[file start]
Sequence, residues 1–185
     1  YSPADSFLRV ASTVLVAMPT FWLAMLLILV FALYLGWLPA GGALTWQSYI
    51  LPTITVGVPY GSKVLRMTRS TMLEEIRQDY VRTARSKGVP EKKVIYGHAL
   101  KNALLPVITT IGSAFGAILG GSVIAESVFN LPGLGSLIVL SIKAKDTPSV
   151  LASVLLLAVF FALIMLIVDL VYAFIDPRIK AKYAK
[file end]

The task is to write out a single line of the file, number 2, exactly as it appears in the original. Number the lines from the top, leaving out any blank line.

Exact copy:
     1  YSPADSFLRV ASTVLVAMPT FWLAMLLILV FALYLGWLPA GGALTWQSYI